Tuesday, March 28, 2006

Mark Driscoll Apologizes

Remember the spat between Mark Driscoll and Brian McLaren? Mark has posted an apology for the tone and character of his comments. I think his concerns were accurate; I agree that his vim and vigor were a bit over the top. So I appreciate his willingness to confess and repent publically over this type of thing. We could use more examples like this in the Christian community...

2 Comments:

At 6:06 AM, Blogger Danny Zacharias said...

I don't know either of these persons (only in writing) but do hope that this posted apology was not the first act of reconciliation. While I do not doubt that Mark was genuine, he offended one person primarily and I hope that the apology came one on one (in person or on the phone) before this post. I recognize that he cannot personally apologize to everyone he may have offended, but Brian needed a personal apology.

This is one of those areas of Christian spirituality where our digital world and reliance on the computer does a severe injustice to God's desire for reconciliation and forgiveness. Asking for forgiveness on a blog post (or even on an email) cheapens forgiveness in my own opinion- it makes it a spectacle rather than a relational connection between two people seeking reconciliation with one another. I have no problem with the blog, and in fact I think it is appropriate for everyone who has listened in on this conversation to hear the apology- but the post should come after the fact.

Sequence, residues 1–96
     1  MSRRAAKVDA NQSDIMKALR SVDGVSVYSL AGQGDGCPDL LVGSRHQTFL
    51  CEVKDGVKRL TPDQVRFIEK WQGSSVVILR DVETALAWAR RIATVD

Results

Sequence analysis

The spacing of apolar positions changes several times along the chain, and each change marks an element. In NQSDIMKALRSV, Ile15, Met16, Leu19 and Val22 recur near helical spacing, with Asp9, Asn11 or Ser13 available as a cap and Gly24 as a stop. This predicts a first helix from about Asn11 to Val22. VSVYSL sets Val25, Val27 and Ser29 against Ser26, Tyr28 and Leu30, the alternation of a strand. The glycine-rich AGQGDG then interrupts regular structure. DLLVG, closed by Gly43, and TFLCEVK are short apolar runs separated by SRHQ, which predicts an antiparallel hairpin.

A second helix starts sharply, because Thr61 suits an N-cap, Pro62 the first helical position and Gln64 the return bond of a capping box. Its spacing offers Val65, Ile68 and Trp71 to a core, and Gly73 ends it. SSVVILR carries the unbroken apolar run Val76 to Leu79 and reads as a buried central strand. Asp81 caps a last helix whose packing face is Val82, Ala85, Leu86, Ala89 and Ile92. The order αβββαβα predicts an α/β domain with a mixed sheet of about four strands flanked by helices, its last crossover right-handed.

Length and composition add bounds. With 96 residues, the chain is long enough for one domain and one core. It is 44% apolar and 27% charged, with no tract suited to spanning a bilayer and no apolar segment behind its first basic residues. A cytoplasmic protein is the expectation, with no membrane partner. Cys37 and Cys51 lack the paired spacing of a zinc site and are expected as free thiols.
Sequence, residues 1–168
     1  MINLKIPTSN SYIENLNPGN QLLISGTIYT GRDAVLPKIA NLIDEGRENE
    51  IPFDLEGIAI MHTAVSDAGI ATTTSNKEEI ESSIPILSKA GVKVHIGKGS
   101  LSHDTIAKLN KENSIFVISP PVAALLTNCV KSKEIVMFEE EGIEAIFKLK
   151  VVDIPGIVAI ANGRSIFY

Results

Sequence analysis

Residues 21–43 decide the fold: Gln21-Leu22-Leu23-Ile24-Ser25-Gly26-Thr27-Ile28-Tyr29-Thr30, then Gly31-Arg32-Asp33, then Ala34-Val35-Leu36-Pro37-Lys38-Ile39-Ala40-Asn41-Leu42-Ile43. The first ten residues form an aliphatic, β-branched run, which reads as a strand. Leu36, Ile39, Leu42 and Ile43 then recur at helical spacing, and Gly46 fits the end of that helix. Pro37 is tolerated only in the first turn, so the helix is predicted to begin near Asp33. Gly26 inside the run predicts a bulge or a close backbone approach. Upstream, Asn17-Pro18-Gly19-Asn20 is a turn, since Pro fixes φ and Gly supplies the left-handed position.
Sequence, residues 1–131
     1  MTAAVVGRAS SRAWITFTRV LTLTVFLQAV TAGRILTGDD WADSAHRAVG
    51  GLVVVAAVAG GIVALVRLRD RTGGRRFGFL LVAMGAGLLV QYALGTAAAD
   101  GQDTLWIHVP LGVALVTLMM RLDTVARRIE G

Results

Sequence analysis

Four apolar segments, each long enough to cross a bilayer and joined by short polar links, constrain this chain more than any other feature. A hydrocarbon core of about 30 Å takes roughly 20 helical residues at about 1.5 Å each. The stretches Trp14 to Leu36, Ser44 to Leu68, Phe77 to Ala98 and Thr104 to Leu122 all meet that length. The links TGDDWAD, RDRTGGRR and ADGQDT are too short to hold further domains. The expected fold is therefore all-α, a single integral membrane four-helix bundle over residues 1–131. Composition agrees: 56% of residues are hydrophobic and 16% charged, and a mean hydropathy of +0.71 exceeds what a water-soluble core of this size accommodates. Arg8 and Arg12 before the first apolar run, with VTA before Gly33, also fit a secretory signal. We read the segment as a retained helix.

"Matt. 5:23 So when you are offering your gift at the altar, if you remember that your brother or sister has something against you,
Matt. 5:24 leave your gift there before the altar and go; first be reconciled to your brother or sister, and then come and offer your gift. "

It seems to me that this is an exchange between two people with God as the only audience.

My two cents. Danny

 
At 5:48 AM, Blogger Christian said...

Hi Danny, sorry to be so slow in responding to this. I definitely agree with you - a personal offense needs to be accompanied by personal repentance (and I am assuming that happened here, but none of us knows that one way or the other - if it didn't it should have).

The issue I was focusing on was the fact that a public apology was also in order, because it happened in a public forum. So McLaren wasn't the only person involved here - everyone who read it was. And in that case, public repentance is also both appropriate and necessary. And I think Mark did a good job of that (and this is something many of us do poorly at).

 

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